They came to the bleak surrounds of northern Paris in the hope of having a love affair rekindled. The seduction process did not take long.
It was amour fou, unbridled passion, as the Stade de France faithful, neglected and forlorn, fell head-over-heels for the new-look, upbeat team of, yes, Fabien Galthie, but also of a son of Wigan, Shaun Edwards, the coach that England forgot.
Edwards may only have a few words of French at his grasp, but this team is already speaking his language, that of heart and soul to go with the muscle and bone.
There is no need for an interpreter to translate desire and defiance. Edwards is fluent in body language. This was the French Resistance with studs on. How wise of the French federation to snare his signature right through to the 2023 Rugby World Cup. England's loss is France's gain.
The long-suffering French supporters can all dream again, all believe again. Les Bleus flirted and fluttered, caressing the ball, striding long and purposefully, making things happen with belief and conviction as if the last miserable decade had never happened.
A blistering Teddy Thomas break, a neatly-slipped inside pass from Romain Ntamack and there was Vincent Rattez over the try line. Seven minutes was all it had taken to erase the memories of those wilderness years. It is a marriage made in heaven, celestial rugby played as only the French can, with elegant as well as power.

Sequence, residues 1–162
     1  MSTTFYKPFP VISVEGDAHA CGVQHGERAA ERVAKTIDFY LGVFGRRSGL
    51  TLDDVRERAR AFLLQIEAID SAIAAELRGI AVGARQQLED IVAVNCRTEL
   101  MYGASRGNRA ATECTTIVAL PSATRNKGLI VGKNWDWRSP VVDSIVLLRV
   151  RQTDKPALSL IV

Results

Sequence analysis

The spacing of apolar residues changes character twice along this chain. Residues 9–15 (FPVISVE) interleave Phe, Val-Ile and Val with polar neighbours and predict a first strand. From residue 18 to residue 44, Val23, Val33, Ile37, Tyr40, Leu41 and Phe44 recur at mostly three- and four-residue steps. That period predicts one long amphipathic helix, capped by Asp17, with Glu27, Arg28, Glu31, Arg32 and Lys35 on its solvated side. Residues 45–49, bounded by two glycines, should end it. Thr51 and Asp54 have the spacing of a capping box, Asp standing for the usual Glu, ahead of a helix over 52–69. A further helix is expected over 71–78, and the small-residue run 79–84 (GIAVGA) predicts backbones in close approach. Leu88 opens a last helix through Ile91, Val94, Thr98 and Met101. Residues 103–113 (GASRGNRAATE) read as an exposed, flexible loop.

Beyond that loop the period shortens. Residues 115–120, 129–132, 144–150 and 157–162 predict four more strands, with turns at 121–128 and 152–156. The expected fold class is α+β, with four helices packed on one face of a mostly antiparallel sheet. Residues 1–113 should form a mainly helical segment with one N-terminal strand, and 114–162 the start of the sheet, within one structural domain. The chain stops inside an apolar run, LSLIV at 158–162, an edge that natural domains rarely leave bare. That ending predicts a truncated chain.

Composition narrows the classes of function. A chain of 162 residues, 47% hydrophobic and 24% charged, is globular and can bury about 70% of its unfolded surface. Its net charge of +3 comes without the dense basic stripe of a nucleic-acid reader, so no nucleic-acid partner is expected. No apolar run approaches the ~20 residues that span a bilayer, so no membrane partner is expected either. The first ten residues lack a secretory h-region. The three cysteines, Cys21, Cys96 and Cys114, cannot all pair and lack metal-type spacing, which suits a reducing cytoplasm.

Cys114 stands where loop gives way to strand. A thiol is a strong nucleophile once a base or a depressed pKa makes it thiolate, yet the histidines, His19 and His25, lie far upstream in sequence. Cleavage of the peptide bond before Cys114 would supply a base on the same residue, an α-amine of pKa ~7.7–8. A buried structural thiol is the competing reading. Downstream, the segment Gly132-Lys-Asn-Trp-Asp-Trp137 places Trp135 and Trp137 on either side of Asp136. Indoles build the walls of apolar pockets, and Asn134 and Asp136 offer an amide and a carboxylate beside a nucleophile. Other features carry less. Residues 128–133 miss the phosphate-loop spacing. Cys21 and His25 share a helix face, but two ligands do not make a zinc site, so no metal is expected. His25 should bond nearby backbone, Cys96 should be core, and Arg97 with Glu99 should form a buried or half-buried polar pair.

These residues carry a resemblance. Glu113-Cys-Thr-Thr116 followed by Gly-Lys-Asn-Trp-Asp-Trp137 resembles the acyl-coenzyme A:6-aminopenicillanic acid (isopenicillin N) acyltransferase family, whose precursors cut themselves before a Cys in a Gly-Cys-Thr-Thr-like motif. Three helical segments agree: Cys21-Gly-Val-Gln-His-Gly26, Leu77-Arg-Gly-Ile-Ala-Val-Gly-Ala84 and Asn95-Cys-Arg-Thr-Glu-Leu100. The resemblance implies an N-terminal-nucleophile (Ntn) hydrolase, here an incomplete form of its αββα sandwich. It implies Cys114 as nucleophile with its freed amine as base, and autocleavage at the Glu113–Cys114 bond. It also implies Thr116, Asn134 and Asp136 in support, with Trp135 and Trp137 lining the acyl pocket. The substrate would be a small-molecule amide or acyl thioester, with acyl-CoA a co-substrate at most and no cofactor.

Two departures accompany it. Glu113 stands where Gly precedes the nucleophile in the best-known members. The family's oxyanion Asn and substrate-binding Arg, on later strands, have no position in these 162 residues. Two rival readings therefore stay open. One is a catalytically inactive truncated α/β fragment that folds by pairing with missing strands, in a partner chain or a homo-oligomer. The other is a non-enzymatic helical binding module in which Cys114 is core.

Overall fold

The rain teemed from Parisian skies but it could do nothing to dampen the mood. La Marseillaise can stir the soul with its message of warrior spirit and togetherness. It was wholly in keeping with the mood of the moment.
Farewell to the ancien régime. France are on the rise.
Antoine Dupont, so eager and alert, forever probing, is a crackerjack scrum-half in the grand tradition, sparking so much, a burgeoning star. Dupont versus Ben Youngs was no contest.
Captain Charles Ollivon, scoring two tries, plays with the noble stolidity of his Basque countrymen, selfless and devoted, while the man alongside him, No 8 Gregory Alldritt, was a colossus, his lime-streaked head-guard a constant focal point where bodies clashed.
There was a wobble, though, as Jonny May's individual two-try salvo briefly sent tremors through a crowd who were, understandably enough when leading 24-0, in the throes of premature celebration. Was it to be deja vu all over again?
France blew a 16-point half-time lead against Wales exactly a year ago. But those fault lines have been fixed, although Edwards will not have been happy with the way May plucked those scores from nowhere with his weaving pace.
Some more hard labour awaits Edward's French charges. The job is far from done.
This was only France's third victory in 10 years in Le Crunch, a fixture that was once the jewel in the championship calendar but which had lost its lustre. Yet such has been the feel-good vibe engendered by Galthie and Rafael Ibanez, that there was a palpable yearning up in the stands for everything to come together.
As the Can-Can tunes blared out from the bands, so the Can Do boys in blue set about their business on the field. Alldritt was the rallying point in defence, aided by muscular wing men such as lock Bernard Le Roux. Defence captain, centre Gael Fickou, lived up to his billing, taking on the responsibility with relish.
There is growth to be had in this French team.
"This is just the start," Ibanez said. And so it is, a heartening, heartfelt new beginning.
(© Daily Telegraph, London)